Determinants of Cardiac Output

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  1. What is cardiac output?
    it is the liters of blood pumped by each of the ventricles per minute.
  2. What is the normal value of cardiac output?
    5-6 Liters/min
  3. WHat is the formula for cardiac output?
    CO = HR x SV
  4. What can cardiac output do?
    It can continuously adjust to meet the body's demand. If the body is exercising, the cardiac output may increase from 5 L/min. to 15 L/min. or more to meet the body's metabolic needs.
  5. What one of two things must change to change the cardiac output?
    Heart rate or Stroke volume
  6. What usually happens with a well trained athletes stroke volume and heart rate?
    • increased stroke volume
    • decreased heart rate
  7. What is the most common way for an increase in heart rate?
    an increase in sympathetic activity
  8. What is the most common way for an decrease in heart rate?
    an decrease in parasympathetic activity
  9. What is stroke volume?
    the average amount of blood pumped out of each ventricle in 1 minute.
  10. What is the formula for stroke volume?
    EDV - ESV = SV

    End Diastolic Volume - End Systolic Volume = Stroke Volume
  11. What are the three primary mechanisms that regulate EDV and ESV?
    • 1.) Preload
    • 2.) Afterload
    • 3.) Inotropy
  12. A change in what primarily alters EDV?
  13. A change in what primarily alters ESV?
    Afterload & Inotropy
  14. What is preload?
    It is the initial stretching of the cardiac myocytes prior to contraction: therefore it is related to the sarcomere length at the end diastole.

    Since we can't measure sarcomere length, we must measure by diastolic volume or pressure. 

    So Preload is the "amount of blood in the ventricle at end-diastole"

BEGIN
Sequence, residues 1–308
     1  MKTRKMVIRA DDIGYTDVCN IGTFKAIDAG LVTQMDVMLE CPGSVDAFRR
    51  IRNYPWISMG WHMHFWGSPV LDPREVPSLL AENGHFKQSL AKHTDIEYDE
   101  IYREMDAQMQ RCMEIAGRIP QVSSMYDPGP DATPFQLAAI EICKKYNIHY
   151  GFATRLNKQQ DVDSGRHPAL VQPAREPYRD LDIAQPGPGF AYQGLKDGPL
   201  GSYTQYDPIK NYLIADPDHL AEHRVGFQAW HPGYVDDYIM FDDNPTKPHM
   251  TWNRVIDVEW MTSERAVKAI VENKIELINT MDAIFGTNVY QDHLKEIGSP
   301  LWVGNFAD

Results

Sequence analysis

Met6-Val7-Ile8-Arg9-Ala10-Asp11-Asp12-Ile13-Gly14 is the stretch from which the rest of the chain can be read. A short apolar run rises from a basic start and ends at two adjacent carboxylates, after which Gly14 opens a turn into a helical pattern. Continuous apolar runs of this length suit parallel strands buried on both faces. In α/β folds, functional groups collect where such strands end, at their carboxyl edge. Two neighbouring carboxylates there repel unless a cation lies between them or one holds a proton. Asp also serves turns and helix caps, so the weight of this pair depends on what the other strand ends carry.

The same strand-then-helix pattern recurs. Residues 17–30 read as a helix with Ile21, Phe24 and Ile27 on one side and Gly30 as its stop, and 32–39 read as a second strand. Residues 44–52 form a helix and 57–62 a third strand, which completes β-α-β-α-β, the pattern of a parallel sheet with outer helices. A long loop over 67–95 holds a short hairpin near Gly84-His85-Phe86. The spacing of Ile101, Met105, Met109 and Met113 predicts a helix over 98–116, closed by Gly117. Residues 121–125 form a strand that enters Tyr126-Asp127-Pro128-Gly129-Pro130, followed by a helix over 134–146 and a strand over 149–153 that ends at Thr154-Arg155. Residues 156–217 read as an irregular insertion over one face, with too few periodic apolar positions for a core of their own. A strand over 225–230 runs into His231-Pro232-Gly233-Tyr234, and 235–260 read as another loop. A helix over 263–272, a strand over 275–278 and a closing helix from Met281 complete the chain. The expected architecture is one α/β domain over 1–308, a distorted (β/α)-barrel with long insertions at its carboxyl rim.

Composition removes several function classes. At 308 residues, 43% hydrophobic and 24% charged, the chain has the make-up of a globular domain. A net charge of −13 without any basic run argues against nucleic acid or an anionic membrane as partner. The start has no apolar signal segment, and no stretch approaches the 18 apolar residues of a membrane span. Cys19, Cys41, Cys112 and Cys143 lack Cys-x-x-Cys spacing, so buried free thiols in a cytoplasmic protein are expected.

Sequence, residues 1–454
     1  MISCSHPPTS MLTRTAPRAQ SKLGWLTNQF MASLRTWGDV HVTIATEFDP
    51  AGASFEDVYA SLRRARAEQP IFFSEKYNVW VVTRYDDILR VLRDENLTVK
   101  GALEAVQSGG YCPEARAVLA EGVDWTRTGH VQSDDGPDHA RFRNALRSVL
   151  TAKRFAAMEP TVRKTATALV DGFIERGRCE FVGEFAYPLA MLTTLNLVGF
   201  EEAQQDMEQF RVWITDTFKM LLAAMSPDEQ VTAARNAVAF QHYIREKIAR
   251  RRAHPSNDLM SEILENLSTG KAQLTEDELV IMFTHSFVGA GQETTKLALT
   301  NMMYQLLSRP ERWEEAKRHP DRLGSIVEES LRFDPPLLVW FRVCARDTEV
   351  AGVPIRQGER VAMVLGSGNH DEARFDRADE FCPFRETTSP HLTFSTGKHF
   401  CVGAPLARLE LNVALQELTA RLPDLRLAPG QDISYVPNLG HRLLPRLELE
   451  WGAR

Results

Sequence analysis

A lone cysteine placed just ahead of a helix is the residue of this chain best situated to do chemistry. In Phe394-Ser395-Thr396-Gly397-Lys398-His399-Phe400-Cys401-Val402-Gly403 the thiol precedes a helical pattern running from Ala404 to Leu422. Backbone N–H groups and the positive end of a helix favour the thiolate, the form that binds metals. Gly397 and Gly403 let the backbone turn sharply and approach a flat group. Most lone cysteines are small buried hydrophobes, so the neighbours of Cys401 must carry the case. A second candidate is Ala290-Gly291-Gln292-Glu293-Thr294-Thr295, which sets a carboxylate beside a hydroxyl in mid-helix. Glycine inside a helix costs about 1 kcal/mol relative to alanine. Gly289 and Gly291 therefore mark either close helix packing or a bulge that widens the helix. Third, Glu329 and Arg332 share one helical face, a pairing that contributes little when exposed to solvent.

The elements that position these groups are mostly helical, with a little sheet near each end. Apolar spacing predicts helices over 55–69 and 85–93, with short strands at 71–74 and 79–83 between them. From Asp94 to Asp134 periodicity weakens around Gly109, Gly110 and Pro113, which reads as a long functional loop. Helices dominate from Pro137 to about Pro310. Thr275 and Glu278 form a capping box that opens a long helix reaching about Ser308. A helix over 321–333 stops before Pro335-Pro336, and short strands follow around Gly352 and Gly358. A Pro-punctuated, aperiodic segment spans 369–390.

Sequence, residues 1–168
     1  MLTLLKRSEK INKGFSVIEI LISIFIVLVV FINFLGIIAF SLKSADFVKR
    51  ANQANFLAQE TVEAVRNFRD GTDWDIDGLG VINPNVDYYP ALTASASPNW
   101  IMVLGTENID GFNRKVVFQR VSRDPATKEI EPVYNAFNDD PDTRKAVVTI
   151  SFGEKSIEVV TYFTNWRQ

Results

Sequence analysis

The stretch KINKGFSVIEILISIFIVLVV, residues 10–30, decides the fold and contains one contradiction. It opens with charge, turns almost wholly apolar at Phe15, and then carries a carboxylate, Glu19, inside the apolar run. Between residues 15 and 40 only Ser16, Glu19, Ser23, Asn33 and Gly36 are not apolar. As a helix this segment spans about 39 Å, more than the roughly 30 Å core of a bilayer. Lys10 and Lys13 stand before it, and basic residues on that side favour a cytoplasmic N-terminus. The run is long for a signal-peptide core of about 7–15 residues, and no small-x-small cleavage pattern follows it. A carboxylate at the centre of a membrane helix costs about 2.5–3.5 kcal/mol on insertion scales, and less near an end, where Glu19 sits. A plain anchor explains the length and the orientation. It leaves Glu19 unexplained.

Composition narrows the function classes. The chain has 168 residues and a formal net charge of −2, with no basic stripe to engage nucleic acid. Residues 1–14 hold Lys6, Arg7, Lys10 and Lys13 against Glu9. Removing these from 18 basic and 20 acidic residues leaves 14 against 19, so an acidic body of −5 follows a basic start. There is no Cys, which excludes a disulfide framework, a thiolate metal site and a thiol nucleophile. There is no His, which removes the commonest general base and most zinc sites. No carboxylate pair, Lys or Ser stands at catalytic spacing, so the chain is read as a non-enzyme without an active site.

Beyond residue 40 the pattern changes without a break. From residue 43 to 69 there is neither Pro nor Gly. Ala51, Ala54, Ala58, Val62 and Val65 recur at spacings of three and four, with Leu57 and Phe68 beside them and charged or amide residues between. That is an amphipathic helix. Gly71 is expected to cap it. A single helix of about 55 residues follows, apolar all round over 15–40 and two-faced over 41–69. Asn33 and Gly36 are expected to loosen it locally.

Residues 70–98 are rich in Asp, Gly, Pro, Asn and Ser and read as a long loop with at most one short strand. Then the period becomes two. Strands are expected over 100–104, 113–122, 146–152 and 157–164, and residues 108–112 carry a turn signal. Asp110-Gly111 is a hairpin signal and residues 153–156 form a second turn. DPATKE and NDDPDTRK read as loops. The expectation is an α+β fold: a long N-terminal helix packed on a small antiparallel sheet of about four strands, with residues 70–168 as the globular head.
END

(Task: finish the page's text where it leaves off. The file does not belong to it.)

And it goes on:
15. What does preload describe...
    Preload describes the volume that fills the ventricle at the end of passive filling and the atrial contraction. The factors that influence preload.
  16. What are the factors that determine ventricular preload?
    • 1.) Increase in outflow resistance & Afterload (AV stenosis)
    • 2.) Increase in venous blood pressure (CVP)
    • 3.) Ventricular compliance
    • 4.) Increase in Heart rate
    • 5.) Increase in Atrial contraction
    • 6.) Increase in inflow resistance (MV stenosis)
    • 7.) Ventricular systolic failure
  17. Compliance and the ventricle can be defined as...
    the ratio of a change in volume divided by a change in pressure.
  18. The pressure generated at a given volume is determined by what?
    the compliance of the ventricles or the ease by which the ventricle fills.
  19. What is the Frank-Starlings Law of the heart?
    Amount of stretch is equal to the amount of contraction.

    Increasing venous return and ventricular preload leads to an increase in stroke volume.
  20. What happens if there is changes in the left atrial pressure?
    The SV of the left ventricle must adjust to match the right ventricle.
  21. What is afterload?
    it is the load against which the heart must contract to eject blood. The greater the pressure in the aorta the greater the afterload.
  22. What is the major component of afterload?
    the aortic pressure, because it is the pressure the ventricle must overcome to eject blood. The greater the pressure in the aorta the greater the afterload.
  23. What two things cause an increase in afterload?

    • 1.) Hypertension
    • 2.) aortic valve stenosis

    Because it limits the ability of the stretch against the increased afterload.
  24. Effects of Increased afterload